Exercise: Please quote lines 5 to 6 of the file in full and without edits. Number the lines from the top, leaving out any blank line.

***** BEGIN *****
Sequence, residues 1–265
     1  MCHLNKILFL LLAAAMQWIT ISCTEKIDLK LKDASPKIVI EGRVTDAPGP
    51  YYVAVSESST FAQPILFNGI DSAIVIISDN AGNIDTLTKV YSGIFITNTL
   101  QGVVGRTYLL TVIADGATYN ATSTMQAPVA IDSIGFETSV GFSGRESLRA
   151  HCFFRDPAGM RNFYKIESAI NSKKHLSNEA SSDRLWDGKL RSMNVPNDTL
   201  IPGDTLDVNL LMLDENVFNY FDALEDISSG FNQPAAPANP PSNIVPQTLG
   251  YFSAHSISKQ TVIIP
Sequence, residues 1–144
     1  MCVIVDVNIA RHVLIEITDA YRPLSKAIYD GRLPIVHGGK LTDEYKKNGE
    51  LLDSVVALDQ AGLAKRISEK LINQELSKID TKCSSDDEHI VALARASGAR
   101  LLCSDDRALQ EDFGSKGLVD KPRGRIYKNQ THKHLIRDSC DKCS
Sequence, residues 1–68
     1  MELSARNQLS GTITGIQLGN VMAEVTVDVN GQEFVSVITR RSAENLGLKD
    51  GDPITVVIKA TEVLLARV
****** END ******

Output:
   151  HCFFRDPAGM RNFYKIESAI NSKKHLSNEA SSDRLWDGKL RSMNVPNDTL
   201  IPGDTLDVNL LMLDENVFNY FDALEDISSG FNQPAAPANP PSNIVPQTLG